Photo exhibition: Helden op Stokken

Helden op stokken; Photo: Anna GeversDisabled people in Africa rarely have a voice, they are hidden away by family and are unseen by the outside world. We have all seen disabled beggars in Africa but how do the others live? What are their ideas and dreams? Answers are to be found in the book Helden op Stokken, which offers twelve portraits of disabled men and women in Africa. The beer trader has problems with corrupt customs officials, the athlete wants to explode in her wheelchair race, a deaf gay wants to be a role model and the blind lawyer is committing herself to human rights. And then there is the child who is excited about going to school but is turned away on the first day. The book’s authors and photographers dive into the daily lives of the disabled in Africa: old and young, men and women, careerists and people for whom it is a daily struggle just to survive. All of the characters are fighting their own battles, be they about finding food that day or fighting for better legislation for people with disabilities, sometimes with humour but always with determination.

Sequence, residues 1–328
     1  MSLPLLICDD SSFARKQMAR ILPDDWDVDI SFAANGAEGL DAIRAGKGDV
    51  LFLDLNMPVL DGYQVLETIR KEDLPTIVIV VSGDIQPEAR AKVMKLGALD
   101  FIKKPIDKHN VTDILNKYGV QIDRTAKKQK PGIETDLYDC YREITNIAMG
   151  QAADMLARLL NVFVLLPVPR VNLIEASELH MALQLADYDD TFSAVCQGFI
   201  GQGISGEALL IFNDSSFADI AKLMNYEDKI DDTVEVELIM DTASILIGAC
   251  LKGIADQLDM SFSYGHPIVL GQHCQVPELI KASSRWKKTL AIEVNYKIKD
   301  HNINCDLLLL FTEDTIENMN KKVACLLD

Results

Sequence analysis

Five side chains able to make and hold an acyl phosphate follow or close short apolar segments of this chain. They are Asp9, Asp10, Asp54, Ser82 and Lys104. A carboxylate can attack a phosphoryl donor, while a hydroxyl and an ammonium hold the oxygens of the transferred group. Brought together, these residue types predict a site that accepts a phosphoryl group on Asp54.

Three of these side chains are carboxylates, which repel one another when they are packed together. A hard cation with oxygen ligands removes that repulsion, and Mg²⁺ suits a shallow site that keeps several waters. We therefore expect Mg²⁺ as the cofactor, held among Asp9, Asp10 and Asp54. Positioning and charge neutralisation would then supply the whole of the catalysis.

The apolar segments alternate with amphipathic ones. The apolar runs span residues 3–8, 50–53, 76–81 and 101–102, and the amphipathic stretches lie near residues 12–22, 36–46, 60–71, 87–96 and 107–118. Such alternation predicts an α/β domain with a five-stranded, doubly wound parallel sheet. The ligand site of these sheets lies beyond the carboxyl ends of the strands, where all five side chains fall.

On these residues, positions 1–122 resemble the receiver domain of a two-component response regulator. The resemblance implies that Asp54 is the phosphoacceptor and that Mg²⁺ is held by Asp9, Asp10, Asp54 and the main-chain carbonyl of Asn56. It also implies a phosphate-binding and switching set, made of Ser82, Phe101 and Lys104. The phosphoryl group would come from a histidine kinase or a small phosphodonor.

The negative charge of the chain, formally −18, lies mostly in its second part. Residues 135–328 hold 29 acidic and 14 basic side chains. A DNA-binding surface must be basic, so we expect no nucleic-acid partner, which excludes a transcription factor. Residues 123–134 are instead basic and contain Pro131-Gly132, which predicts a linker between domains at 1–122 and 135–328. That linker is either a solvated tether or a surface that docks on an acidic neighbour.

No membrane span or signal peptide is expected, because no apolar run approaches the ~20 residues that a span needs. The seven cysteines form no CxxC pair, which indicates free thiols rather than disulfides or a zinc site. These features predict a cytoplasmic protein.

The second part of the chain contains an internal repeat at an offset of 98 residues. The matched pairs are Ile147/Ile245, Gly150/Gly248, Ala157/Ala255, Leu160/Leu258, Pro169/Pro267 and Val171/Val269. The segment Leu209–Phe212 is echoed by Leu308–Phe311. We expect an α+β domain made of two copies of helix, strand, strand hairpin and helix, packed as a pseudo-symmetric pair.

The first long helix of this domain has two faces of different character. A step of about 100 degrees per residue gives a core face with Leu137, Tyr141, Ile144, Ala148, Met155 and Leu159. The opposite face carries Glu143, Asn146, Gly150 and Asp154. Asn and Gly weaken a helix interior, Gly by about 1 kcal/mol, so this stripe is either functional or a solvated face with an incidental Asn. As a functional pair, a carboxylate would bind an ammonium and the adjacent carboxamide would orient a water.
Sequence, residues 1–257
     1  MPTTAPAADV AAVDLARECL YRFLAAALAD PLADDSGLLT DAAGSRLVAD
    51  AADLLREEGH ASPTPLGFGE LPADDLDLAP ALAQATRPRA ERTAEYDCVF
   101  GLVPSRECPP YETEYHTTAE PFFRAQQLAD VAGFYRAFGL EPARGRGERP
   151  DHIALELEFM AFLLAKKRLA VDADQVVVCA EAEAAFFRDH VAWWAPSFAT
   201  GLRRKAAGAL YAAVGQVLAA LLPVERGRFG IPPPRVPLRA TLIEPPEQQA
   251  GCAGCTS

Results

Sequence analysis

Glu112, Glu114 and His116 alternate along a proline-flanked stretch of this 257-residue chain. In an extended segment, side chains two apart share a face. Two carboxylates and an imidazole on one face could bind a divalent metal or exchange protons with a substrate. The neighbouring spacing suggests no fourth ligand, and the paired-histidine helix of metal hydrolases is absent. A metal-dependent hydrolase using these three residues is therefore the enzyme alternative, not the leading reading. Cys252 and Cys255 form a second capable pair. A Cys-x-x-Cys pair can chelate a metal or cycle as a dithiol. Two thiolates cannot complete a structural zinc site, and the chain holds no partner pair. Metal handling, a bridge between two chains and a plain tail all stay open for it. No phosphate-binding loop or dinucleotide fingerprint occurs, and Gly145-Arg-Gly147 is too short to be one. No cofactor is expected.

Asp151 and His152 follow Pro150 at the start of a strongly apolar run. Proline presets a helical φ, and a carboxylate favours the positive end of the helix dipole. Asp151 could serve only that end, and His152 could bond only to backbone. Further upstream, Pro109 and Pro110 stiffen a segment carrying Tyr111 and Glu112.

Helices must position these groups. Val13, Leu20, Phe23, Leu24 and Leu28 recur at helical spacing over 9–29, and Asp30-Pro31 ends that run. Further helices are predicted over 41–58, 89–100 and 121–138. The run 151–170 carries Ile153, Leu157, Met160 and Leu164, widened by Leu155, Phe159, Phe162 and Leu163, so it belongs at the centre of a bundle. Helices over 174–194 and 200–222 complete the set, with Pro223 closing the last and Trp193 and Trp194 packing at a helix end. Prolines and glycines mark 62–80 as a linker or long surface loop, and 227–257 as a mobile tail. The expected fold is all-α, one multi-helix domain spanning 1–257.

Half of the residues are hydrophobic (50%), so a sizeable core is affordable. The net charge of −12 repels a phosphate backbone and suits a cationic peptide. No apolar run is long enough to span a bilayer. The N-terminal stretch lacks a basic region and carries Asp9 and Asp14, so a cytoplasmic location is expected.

book cover "Helden op stokken"This photo exhibition is based on the heroes of the book, and the contributors include well-known Africanists such as Petterik Wiggers (Addis Abeba: NRC Handelsblad, Trouw), Sven Torfinn (Nairobi: De Volkskrant), Ellen Elmendorp (Johannesburg: Vrij Nederland) and Bernice Siewe (Amsterdam: Het Parool, Trouw).

The photos are hanging in the corridors and the library of the African Studies Centre in the Pieter de la Court building, Wassenaarseweg 52 in Leiden. The exhibition is open weekdays from 9:00 – 17:00 from 26 June 2008 until 3 September 2008. Feel free to come and take a look.

The opening is on 26 June at 16.30 with an introduction by the Africa journalist Sybilla Claus and an explanation by linguist Dr Victoria Nyst about sign language in Ghana and Mali. If requested in advance, an interpreter for the deaf can be arranged.

Date, time and location

26 June 2008 to 03 September 2008